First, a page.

Western Channel Observatory (WCO)


The Western Channel Observatory (WCO) is an oceanographic time-series and marine biodiversity reference site in the Western English Channel. In-situ measurements are undertaken weekly at coastal station L4 and fortnightly at open shelf station E1 using our research vessels and that of the Marine Biological Association (MBA). The WCO measures several factors crucial to the functioning of the marine ecosystem, such as light, temperature, salinity and nutrients.

The time-series analysis provided by the WCO enables us to understand the physical, chemical and biological processes in the ocean, whilst identifying long-term trends and predicting future changes. The resulting data is not only valuable to scientific understanding, but also addresses wider societal concerns, such as sustainability, climate change and marine ecosystems.

Complemented by our recognised excellence in other observational disciplines, ecosystem modelling and satellite remote sensing science, the measurements taken from the monitoring stations are helping us to begin to disentangle the complexity of the marine ecosystem.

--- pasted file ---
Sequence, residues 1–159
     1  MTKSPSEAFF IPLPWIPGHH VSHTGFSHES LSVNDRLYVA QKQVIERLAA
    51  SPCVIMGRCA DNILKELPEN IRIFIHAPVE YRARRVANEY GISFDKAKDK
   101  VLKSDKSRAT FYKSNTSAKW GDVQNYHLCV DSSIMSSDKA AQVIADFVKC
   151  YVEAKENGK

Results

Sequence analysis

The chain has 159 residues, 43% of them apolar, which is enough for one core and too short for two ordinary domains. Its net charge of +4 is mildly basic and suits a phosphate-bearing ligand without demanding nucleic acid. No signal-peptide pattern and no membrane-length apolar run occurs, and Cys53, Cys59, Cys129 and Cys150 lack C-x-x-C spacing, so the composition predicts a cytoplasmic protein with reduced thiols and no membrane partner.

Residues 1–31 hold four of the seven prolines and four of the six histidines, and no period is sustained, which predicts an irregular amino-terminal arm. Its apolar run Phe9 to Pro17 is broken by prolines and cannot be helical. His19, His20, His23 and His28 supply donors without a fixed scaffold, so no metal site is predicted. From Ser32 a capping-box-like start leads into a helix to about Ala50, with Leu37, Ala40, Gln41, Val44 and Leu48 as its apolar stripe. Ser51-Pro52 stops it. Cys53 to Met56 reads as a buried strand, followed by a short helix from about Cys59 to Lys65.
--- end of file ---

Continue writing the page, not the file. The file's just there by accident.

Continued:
For latest updates see the Western Channel Observatory blog.

See our Data buoys page for further information about our stations.

 

 

 


Key information

Funder: Natural Environment Research Council (NERC) - National Capability

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Contact

Dr Tim Smyth
Head of Science - Marine Biogeochemistry and Ocean observations

Other participants

Amanda Beesley, Andrea McEvoy, Caroline Louise McNeill, Carolyn Harris, Claire Widdicombe, Denise Cummings, Dr Ana Queirós, Dr Angus Atkinson, Dr Gavin Tilstone, Dr Glen Tarran, Dr Helen Findlay, Dr Jacqueline Maud, Dr James Fishwick, Dr Ming-Xi Yang, Dr Ruth Airs, Dr Tim Smyth, Dr Tom Bell , Dr Vassilis Kitidis, Dr Victor Martinez-Vicente, E. Malcolm S. Woodward, Joana Nunes, John Stephens, Lisa Al-Moosawi, Paul Rooks, Professor Steve Widdicombe, Sarah Dashfield

Deploy the buoys

Drs Tim Smyth and James Fishwick talk about the marine monitoring and the Western Channel Observatory, including footage of the deployment of a new autonomous databuoy in collaboration with the UK Met Office.